As 2013 winds down, and we prepare to venture into a new year, it’s a good time to reflect on the past twelve months and consider what resolutions you’ll make for the coming year. I haven’t yet settled on any resolutions myself, but I have had cause over the past year to remember a resolution I made over 15 years ago, when I first started in the mortgage industry. That resolution was to commit myself to offering a high trust relationship to each of my clients.
Every business relationship falls somewhere between trust-value and price-value; that is, for any transaction, the client or customer demands, and the seller or broker provides, value through price or value through trust—and one often comes at the expense of the other. To compete on price requires a business model based on efficiency, volume, and commoditizing the clientele. Trust-based business models focus on honesty, transparency, and integrity to build fewer, but higher-quality, relationships with clients.
I committed several years ago to nurture only high-trust relationships with my clients in the mortgage industry. This came, naturally, at the expense of competing on price. As with all high-trust businesses, I could rarely compete with big banks or retailers on the mortgage products I offered. Across industries, trust-value businesses typically compete at a 10-15% price disadvantage versus price-value businesses. For those clients or customers who put a premium on trust, that price discrepancy is well worth the added value.
Compare, for example, Ace Hardware and Home Depot. Ace Hardware locations are all franchises and have neither the volume nor efficiency of Home Depot. They cannot operate on Home Depot’s razor-thin margins. Instead, Ace owners try to maintain well-trained, knowledgeable workforces that are generally friendlier, more accessible, and individually spend more time with each customer versus Home Depot’s workforce. Though Ace’s prices are generally 10-15% higher than Home Depot’s, they stay in business because enough people value the high-trust sales environment enough to pay higher prices.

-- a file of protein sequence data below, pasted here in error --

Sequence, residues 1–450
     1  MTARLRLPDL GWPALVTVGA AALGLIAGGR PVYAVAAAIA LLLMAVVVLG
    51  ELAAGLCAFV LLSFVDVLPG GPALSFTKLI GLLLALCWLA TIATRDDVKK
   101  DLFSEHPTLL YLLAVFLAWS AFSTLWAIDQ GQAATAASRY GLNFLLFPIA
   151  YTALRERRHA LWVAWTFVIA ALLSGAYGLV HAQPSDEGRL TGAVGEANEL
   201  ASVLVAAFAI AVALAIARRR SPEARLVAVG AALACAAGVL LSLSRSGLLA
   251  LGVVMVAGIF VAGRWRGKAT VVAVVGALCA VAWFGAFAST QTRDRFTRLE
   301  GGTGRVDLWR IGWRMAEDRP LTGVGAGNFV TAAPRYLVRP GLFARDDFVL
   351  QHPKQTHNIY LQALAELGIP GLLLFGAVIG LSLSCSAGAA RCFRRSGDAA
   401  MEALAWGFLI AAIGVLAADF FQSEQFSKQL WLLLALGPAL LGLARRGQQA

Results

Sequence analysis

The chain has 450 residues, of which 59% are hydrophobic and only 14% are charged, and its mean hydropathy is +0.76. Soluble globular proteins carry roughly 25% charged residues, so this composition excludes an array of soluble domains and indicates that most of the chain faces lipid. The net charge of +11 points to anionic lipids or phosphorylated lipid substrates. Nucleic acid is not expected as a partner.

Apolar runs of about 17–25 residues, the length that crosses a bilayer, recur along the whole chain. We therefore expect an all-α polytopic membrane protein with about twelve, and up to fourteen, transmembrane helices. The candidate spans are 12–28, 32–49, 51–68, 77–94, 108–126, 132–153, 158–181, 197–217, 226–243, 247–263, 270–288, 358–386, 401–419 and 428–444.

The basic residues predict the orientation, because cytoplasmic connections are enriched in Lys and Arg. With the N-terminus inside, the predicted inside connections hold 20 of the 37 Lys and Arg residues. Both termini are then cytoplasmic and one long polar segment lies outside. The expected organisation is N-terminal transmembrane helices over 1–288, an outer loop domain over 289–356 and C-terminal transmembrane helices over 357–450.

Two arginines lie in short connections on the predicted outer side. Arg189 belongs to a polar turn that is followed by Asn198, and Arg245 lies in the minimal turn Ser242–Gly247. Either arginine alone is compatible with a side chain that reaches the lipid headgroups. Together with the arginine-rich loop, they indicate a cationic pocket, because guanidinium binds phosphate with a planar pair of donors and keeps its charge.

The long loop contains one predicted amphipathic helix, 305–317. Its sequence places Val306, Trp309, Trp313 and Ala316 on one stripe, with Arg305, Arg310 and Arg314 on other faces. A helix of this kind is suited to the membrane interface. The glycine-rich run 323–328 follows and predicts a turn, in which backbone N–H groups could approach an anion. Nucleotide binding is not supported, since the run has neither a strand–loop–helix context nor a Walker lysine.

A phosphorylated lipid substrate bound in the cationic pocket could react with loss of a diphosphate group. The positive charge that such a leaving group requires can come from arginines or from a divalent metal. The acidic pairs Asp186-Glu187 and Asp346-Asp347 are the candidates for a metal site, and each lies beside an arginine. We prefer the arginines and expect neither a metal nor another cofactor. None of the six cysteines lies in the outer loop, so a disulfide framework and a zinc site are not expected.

I faced this dilemma over the past year, as historically low rates had both new and old clients coming to Garvens Mortgage Group in droves. Although I brought on new employees and increased capacity to address this increased demand, we simply could not expand quickly enough to satiate this demand without sacrificing the quality of the high-trust relationships we strive to form with every client. And so we made a conscious decision to let the big banks and retail lenders compete on volume and price, knowing the highest valued commodity we could offer and successfully compete on is trust.
Often, offering a client our trust means that’s the only thing we can offer them; often, a client’s financial situation prohibits them from comfortably affording the very loan product they came to us to acquire. Whereas most price-value companies would sell them that loan product by any means necessary, trust-value companies will only sell them a loan product if it’s in the client’s best interest.
When a client comes to me or to Garvens Mortgage Group, we spend a long time talking about finances before we even begin considering mortgage products. We don’t focus on the product, but on what that product means. Price-value companies might advertise monthly savings for a client. We focus instead on what those savings mean for the client. With us, it’s never about a lower rate or $500 a month; it’s about paying off debt, saving for college, or braces for the kids. It’s not about the money but what that money means—and often what a given amount of money means is worth far more than the face value of the money itself.
So as we conclude 2013, it’s time to start thinking about your resolutions for 2014. Whatever they are, make them meaningful. Make them things you’ve dreamed about, and make sure you pursue them relentlessly, even if they seem impossible. And once you’ve settled on them, there are a few simple things you can do to ensure success. First, write down your goals. Organize them, prioritize them, and consider the best way to achieve them. Then, find someone—your spouse, a friend, a relative, someone—to hold you accountable. And finally, establish suspense dates and milestones for your resolutions. When you reach these milestones, don’t hesitate to relax a little and celebrate these small successes. This will help make the difficult resolutions more tolerable throughout the year. 2015 is still a year away, but it will be here before you know it.